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Fusion Ignition

  • 20 Aug 2021
  • 5 min read

Why in News

Recently, researchers at the Lawrence Livermore National Laboratory (which operates the National Ignition Facility in California, US) appeared to have demonstrated “fusion ignition” for the first time.

  • This breakthrough has brought the world closer to the dream of near-limitless clean energy through nuclear fusion.

Key Points

  • About the Experiment:
    • They applied laser energy on fuel pellets to heat and pressurise them at conditions similar to that at the centre of our Sun.
      • This triggered the fusion reactions.
    • These reactions released positively charged particles called alpha particles (helium), which in turn heated the surrounding plasma.
    • The heated plasma also released alpha particles and a self-sustaining reaction called ignition took place.
    • Ignition helps amplify the energy output from the nuclear fusion reaction and this could help provide clean energy for the future.
  • Significance of the Experiment: Reproducing the conditions at the centre of the Sun will allow studying:
    • Plasma, the state of matter that has never been created in the lab before.
    • Gain insights into quantum states of matter.
    • Conditions closer and closer to the beginning of the Big Bang.
  • About Nuclear Fusion:
    • Nuclear fusion is defined as the combining of several small nuclei into one large nucleus with the subsequent release of huge amounts of energy.
      • It is the opposite reaction of fission, where heavy isotopes are split apart.
    • Harnessing fusion, the process that powers the Sun, could provide a limitless, clean energy source.
      • In the sun, the extreme pressure produced by its immense gravity creates the conditions for fusion to happen.
    • Fusion reactions take place in a state of matter called plasma. Plasma is a hot, charged gas made of positive ions and free-moving electrons that has unique properties distinct from solids, liquids and gases.
    • At high temperatures, electrons are ripped from atom’s nuclei and become a plasma or an ionised state of matter. Plasma is also known as the fourth state of matter.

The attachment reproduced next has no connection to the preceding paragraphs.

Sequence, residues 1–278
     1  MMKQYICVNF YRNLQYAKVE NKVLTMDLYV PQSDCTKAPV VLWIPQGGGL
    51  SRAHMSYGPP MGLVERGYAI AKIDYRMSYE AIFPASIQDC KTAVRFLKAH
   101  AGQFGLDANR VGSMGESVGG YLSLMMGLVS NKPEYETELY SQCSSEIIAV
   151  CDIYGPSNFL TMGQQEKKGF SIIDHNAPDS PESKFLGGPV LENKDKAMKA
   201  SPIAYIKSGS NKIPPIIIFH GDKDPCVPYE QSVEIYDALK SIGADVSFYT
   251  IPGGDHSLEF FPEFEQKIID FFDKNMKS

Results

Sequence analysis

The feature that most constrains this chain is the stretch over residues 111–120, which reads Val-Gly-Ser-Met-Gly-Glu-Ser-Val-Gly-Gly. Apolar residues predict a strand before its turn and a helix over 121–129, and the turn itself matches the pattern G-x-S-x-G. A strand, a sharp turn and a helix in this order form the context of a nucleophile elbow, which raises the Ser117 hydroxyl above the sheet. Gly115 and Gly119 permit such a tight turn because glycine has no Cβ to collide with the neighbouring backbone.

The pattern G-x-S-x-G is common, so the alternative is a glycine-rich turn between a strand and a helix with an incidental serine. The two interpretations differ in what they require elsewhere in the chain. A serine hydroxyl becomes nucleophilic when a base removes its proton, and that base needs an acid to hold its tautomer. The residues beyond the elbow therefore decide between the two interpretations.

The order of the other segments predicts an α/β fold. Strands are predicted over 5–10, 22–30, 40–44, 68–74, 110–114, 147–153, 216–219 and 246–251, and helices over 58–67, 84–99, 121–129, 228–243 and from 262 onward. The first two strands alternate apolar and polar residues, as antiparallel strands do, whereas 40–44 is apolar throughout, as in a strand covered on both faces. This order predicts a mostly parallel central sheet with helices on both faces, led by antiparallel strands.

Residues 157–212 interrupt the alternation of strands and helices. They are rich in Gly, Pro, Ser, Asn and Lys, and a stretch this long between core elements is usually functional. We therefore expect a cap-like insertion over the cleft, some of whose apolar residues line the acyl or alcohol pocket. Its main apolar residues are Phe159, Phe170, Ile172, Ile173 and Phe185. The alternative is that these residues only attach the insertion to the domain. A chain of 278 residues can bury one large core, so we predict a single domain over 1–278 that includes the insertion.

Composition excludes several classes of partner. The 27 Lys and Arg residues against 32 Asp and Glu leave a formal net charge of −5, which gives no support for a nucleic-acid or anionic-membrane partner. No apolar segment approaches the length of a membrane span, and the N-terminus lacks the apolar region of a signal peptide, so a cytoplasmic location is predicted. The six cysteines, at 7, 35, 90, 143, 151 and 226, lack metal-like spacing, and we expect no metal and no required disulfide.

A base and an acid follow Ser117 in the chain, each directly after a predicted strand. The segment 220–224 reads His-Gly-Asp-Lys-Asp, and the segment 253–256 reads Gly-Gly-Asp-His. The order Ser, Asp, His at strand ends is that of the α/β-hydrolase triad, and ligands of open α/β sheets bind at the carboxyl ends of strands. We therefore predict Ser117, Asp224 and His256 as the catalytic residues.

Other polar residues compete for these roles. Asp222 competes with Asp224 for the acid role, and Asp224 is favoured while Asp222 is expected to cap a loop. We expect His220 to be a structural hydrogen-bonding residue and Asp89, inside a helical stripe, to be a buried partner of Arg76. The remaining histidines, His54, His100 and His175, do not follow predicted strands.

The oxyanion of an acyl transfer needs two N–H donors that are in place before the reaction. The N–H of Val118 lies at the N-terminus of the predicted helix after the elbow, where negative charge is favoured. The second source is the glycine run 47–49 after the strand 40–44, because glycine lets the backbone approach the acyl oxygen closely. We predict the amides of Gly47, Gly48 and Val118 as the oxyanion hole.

• Advantages of Nuclear Fusion:
    • Abundant energy: Fusing atoms together in a controlled way releases nearly four million times more energy than a chemical reaction such as the burning of coal, oil or gas and four times as much as nuclear fission reactions (at equal mass).
      • Fusion has the potential to provide the kind of baseload energy needed to provide electricity to the cities and the industries.
    • Sustainability: Fusion fuels are widely available and nearly inexhaustible. Deuterium can be distilled from all forms of water, while tritium will be produced during the fusion reaction as fusion neutrons interact with lithium.
    • No CO₂: Fusion doesn't emit harmful toxins like carbon dioxide or other greenhouse gases into the atmosphere. Its major by-product is helium: an inert, non-toxic gas.
    • No long-lived radioactive waste: Nuclear fusion reactors produce no high activity, long-lived nuclear waste.
    • Limited risk of proliferation: Fusion doesn't employ fissile materials like uranium and plutonium (Radioactive tritium is neither a fissile nor a fissionable material).
    • No risk of meltdown: It is difficult enough to reach and maintain the precise conditions necessary for fusion—if any disturbance occurs, the plasma cools within seconds and the reaction stops.
  • Other Related Initiatives:
    • International Thermonuclear Experimental Reactor (ITER) Assembly: It aims to build the world's largest tokamak to prove the feasibility of fusion as a large-scale and carbon-free source of energy. The ITER members include China, the European Union, India, Japan, South Korea, Russia and the United States.
    • China’s Artificial Sun: The Experimental Advanced Superconducting Tokamak (EAST) device designed by China replicates the nuclear fusion process carried out by the sun.

Source: IE

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